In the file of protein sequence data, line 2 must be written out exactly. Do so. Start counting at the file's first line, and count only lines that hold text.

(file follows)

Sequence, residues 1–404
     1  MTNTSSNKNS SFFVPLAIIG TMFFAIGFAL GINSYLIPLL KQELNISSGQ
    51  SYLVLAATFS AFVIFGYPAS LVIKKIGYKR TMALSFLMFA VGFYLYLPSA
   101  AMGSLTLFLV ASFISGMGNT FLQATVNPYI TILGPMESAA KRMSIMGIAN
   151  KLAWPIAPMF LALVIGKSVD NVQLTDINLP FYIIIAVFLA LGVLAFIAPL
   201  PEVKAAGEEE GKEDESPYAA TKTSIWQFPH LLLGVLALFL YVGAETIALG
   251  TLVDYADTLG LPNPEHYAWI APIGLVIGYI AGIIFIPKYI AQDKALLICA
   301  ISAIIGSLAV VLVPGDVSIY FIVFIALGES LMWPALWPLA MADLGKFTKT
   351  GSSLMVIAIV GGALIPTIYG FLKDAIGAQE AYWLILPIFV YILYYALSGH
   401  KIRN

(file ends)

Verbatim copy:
     1  MTNTSSNKNS SFFVPLAIIG TMFFAIGFAL GINSYLIPLL KQELNISSGQ